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Here's what to expect after Election Day

We never actually have the finalized results on Election Night.

AUSTIN, Texas — You can brace for an Election Day to end without some declared winners. But remember: we never actually have the finalized results on Election Night.

"What we see on Election Night is usually just an estimate of where things are. It's a rough count," said Brandon Rottinghaus, Ph.D., a professor at the University of Houston.

Partial manual counts must begin by Friday, Nov. 6. Most counties will need to do a partial manual count for one to three precincts.

"All the counties have different ways of tabulating the votes because they have different systems to input the vote. So, in some places, it's a physical handwritten ballot," Dr. Rottinghaus said.

Counties that use paperless, direct-recording electronic voting machines (DRE), like Harris County, will not do a partial manual count.

On Friday, Nov. 6, local canvassing begins.

Provisional voters have until Nov. 9 to provide required documents that they didn’t have at the polls.

“[The] deadline for provisional voter to (1) present acceptable photo identification to county voter registrar; or (2) if the voter does not possess and cannot reasonably obtain acceptable photo identification, follow the Reasonable Impediment Declaration procedure at the county voter registrar; or (3) execute an affidavit relative to 'natural disaster' or 'religious objection' in presence of county voter registrar, if applicable; or (4) qualify for the disability exemption, if applicable, with the county voter registrar,” the Texas Secretary of State website states.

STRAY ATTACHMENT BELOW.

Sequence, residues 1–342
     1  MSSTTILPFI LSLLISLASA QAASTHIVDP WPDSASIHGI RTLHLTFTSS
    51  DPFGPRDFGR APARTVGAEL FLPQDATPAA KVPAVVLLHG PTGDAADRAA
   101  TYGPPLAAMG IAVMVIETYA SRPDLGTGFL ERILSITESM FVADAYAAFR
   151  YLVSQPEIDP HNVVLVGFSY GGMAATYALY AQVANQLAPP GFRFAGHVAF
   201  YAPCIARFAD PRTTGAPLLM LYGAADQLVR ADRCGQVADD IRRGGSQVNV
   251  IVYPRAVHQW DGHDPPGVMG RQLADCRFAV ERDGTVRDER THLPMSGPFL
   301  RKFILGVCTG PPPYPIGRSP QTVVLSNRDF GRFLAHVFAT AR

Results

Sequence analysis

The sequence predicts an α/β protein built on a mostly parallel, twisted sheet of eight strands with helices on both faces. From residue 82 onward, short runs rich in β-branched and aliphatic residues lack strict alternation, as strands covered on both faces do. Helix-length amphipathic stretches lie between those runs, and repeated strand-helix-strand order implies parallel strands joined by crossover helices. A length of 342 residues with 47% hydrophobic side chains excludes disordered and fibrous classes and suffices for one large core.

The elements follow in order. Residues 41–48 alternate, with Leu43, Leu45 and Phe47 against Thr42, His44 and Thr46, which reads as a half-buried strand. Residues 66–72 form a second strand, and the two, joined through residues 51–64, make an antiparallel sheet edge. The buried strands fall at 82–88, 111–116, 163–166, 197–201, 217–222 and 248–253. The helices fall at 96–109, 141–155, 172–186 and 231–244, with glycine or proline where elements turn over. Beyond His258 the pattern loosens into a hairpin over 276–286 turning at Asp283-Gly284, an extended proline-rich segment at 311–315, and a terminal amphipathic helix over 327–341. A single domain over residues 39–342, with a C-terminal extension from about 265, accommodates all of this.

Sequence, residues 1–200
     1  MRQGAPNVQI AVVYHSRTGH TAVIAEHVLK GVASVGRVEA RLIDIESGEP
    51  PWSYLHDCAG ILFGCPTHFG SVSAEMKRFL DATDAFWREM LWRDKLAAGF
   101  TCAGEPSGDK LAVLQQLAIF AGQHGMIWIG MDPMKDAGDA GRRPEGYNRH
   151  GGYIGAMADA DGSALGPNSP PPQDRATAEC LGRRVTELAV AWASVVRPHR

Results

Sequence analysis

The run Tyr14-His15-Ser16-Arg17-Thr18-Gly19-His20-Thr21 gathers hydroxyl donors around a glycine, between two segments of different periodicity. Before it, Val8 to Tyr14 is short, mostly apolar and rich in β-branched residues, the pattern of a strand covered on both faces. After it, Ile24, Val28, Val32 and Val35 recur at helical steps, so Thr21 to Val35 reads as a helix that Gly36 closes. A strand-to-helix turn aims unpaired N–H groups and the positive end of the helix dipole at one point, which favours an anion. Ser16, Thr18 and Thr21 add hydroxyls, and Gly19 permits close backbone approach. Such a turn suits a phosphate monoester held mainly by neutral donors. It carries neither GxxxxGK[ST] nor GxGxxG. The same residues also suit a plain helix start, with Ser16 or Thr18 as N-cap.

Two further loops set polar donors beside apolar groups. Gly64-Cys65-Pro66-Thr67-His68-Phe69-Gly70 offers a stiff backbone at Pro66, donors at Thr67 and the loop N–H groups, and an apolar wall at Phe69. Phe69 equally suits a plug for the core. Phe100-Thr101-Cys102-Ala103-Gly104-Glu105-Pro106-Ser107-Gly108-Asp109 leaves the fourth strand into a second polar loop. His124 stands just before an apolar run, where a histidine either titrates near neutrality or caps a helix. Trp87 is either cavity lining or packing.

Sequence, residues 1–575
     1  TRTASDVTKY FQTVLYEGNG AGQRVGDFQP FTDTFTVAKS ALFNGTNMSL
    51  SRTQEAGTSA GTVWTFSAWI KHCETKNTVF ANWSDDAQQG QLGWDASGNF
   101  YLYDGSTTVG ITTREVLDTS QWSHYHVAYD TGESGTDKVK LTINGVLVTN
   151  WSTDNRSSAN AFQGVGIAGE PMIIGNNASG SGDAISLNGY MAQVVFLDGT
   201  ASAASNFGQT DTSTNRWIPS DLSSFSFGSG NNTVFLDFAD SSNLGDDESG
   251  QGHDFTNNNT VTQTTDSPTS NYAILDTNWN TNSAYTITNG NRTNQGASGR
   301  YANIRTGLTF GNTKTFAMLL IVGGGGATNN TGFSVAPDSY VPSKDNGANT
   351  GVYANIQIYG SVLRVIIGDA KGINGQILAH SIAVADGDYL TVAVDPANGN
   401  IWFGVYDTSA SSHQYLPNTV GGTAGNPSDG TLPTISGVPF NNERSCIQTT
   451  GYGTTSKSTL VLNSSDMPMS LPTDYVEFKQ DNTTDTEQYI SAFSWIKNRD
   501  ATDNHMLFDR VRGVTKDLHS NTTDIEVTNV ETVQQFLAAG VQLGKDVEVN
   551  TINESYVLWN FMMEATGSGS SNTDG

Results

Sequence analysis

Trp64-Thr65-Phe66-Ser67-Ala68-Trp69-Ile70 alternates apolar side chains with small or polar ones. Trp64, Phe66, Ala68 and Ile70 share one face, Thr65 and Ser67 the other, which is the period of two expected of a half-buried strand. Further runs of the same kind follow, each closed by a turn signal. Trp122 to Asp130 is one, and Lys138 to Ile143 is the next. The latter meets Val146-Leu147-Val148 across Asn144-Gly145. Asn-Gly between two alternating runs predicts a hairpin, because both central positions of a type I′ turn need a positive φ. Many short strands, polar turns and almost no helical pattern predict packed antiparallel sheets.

Nov. 17 is the last day for an official canvass of returns.

"Patience is the key. People have to know that the process is a slow-moving process because it doesn't all happen at once," Dr. Rottinghaus said.

Chances are, mistakes will happen during this process.

The U.S. Election Assistance Commission notes issues such as damaged ballots, overvoted ballots, ballots counted incorrectly or not at all, missing ballots and memory card issues. 

"If you see repeated problems that are affecting one county, then that's an issue. If you see a problem that's affecting multiple counties, that's also another problem. But if it's an isolated incident from one polling place in one county, it's probably just that it's just a mistake that somebody made," Dr. Rottinghaus said.

Texas electors will vote on Dec. 14. Those votes will be read publicly on Jan. 6 when Congress declares the results.

WATCH: Tallying up votes in Texas: Ballot counting and security


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